The data of Coll et al.  reported in this issue of the Journal suggest a new approach to this problem. If confirmed in appropriate studies, reducing the flow rate of extraction of ascitic fluid could represent a low-cost, useful tool to decrease the incidence of PICD. Other measures, such as placing a pneumatic girdle during paracentesis, need further evaluation.
Plasma volume expanders have been shown to be effective in the prevention of PICD. As outlined above, the incidence of PICD reaches 80% when large-volume paracentesis is performed without additional therapeutic measures, and can be reduced to 15–35% when plasma volume expanders are used. The efficacy of each substance is related to its plasma half-life, those with a longer half-life being the most effective. The rationale for using plasma expanders after paracentesis is to refill the dilated vascular space after paracentesis, thereby preventing the subsequent activation of vasoconstrictor systems.
As outlined above, the incidence of PICD can be reduced to 15% when albumin is used as a plasma expander after paracentesis , and this is probably related to its prolonged half-life (21 days). However, albumin has disadvantages including its high cost and the suggestion that its use may be harmful in some cases . Other plasma expanders have been shown to be effective in the prevention of PICD: dextran 70 is a polysaccharide consisting of a mixture of glucose molecules with different molecular weight fractions ranging between 15 000 and 160 000 Da, with an elimination half-life of 24–48 h ; polygeline is a synthetic, polymerized gelatine with a half-life of 4 h; and saline solution is another short-life plasma expander that has been used after paracentesis. Several studies initially showed that these substances might represent a valid alternative to albumin, as the incidences of renal failure, complications and PRA variations encountered were similar to those experienced with albumin use, and they had the important advantage of being less costly [23,26–28]. However, a recent, large, randomized trial showed that albumin was better than dextran 70 and polygeline in the prevention of PICD . Furthermore, a recent randomized trial performed by our group  has shown that the incidence of PICD is significantly lower in patients receiving albumin than in those receiving saline. However, albumin was better than other plasma expanders only when a large volume of ascites was drained. In contrast, when a low volume of ascitic fluid was evacuated the incidence of PICD was low (about 10%) irrespective of the type of plasma expander used.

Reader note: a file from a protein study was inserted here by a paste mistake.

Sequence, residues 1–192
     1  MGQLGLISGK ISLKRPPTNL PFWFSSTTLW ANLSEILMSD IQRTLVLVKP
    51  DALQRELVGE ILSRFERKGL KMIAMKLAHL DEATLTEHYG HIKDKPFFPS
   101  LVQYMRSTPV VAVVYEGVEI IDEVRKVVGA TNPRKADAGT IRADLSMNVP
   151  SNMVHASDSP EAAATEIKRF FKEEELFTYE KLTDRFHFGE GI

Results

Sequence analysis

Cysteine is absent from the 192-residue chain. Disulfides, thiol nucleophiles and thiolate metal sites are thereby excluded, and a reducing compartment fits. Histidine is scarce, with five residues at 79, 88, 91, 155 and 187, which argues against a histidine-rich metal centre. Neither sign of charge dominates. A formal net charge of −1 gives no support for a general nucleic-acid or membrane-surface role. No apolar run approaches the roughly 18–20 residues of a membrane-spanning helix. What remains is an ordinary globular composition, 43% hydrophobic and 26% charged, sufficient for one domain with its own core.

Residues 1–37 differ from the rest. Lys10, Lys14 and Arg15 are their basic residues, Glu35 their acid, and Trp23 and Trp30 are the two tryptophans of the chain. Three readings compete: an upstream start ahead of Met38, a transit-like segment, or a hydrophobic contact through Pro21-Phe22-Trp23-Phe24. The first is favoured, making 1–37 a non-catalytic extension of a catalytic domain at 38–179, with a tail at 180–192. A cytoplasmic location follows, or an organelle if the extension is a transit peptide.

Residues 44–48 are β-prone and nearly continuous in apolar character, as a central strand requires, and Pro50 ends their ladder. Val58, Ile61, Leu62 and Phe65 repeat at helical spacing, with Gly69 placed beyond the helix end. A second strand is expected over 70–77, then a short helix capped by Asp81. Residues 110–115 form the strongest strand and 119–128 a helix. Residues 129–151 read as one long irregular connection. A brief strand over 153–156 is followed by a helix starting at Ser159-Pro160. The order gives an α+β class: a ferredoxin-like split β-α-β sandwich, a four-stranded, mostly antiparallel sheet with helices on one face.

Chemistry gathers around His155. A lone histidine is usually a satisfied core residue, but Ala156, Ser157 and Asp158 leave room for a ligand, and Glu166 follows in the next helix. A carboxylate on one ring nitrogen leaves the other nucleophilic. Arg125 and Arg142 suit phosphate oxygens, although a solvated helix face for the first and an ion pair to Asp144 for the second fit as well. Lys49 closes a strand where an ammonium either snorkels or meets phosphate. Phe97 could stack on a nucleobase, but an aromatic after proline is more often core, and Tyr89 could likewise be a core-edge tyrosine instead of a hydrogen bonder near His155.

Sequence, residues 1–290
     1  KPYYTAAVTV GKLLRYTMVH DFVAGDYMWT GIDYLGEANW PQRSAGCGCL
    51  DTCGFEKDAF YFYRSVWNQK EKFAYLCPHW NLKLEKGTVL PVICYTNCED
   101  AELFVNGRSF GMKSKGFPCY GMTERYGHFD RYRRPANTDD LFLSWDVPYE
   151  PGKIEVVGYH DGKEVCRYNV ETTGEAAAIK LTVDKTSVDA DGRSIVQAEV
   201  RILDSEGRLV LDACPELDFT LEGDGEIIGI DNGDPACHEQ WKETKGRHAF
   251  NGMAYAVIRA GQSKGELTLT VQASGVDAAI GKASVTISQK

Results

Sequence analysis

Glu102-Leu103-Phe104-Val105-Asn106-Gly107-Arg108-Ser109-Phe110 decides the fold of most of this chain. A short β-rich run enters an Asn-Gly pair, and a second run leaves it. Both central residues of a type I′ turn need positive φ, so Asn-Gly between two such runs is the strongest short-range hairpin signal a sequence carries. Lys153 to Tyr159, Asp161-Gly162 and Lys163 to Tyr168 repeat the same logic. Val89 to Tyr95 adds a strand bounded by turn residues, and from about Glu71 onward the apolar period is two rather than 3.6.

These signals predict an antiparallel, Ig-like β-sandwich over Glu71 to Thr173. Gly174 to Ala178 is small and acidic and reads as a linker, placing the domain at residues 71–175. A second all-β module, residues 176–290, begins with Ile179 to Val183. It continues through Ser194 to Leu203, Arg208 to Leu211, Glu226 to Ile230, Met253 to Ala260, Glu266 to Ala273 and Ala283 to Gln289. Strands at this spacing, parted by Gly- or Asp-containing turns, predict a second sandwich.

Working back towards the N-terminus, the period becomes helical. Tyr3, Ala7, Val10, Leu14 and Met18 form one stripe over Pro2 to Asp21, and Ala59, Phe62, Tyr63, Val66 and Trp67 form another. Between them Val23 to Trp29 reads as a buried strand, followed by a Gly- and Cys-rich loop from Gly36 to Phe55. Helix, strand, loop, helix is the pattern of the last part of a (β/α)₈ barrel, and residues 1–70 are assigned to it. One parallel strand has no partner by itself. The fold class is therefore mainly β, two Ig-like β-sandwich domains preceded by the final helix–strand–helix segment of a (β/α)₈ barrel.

If paracentesis-induced arteriolar vasodilatation precedes and plays a major role in the development of decreased effective arterial blood volume, the administration of a splanchnic vasoconstrictor might be effective in the prevention of PICD. In a pilot study , 20 patients with tense ascites were randomly assigned to be treated with paracentesis plus terlipressin, a potent splanchnic vasoconstrictor, or paracentesis plus albumin. Terlipressin was administered as an intravenous 1 mg bolus at the onset of paracentesis and then 8 h and 16 h after the first bolus. No significant variations in plasma renin concentrations were observed irrespective of the treatment group and changes in baseline plasma renin concentrations did not differ between the terlipressin and albumin groups. However, because of the small sample size of the study group, a type II error cannot be excluded.
PICD is a clinically relevant complication of paracentesis. Despite initial studies suggesting that PICD was related to a decrease of total blood volume, there is now evidence that accentuation of arteriolar vasodilatation is the origin of this disorder. More studies designed to investigate PICD are needed. Plasma volume expansion is the only proven treatment to prevent the condition. More studies are needed to clarify the work of other therapeutic approaches, as detailed here, in the prevention of this disturbance.
Conflict of interest